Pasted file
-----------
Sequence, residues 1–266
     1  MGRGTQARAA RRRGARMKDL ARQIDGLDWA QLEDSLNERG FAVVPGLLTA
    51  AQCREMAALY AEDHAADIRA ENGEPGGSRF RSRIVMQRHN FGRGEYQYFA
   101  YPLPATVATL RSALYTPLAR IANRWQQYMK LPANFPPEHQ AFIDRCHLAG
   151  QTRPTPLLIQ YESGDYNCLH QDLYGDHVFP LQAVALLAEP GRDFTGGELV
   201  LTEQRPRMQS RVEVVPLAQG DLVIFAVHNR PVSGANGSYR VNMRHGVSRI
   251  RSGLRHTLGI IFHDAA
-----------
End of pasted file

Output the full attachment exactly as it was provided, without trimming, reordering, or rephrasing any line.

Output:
Sequence, residues 1–266
     1  MGRGTQARAA RRRGARMKDL ARQIDGLDWA QLEDSLNERG FAVVPGLLTA
    51  AQCREMAALY AEDHAADIRA ENGEPGGSRF RSRIVMQRHN FGRGEYQYFA
   101  YPLPATVATL RSALYTPLAR IANRWQQYMK LPANFPPEHQ AFIDRCHLAG
   151  QTRPTPLLIQ YESGDYNCLH QDLYGDHVFP LQAVALLAEP GRDFTGGELV
   201  LTEQRPRMQS RVEVVPLAQG DLVIFAVHNR PVSGANGSYR VNMRHGVSRI
   251  RSGLRHTLGI IFHDAA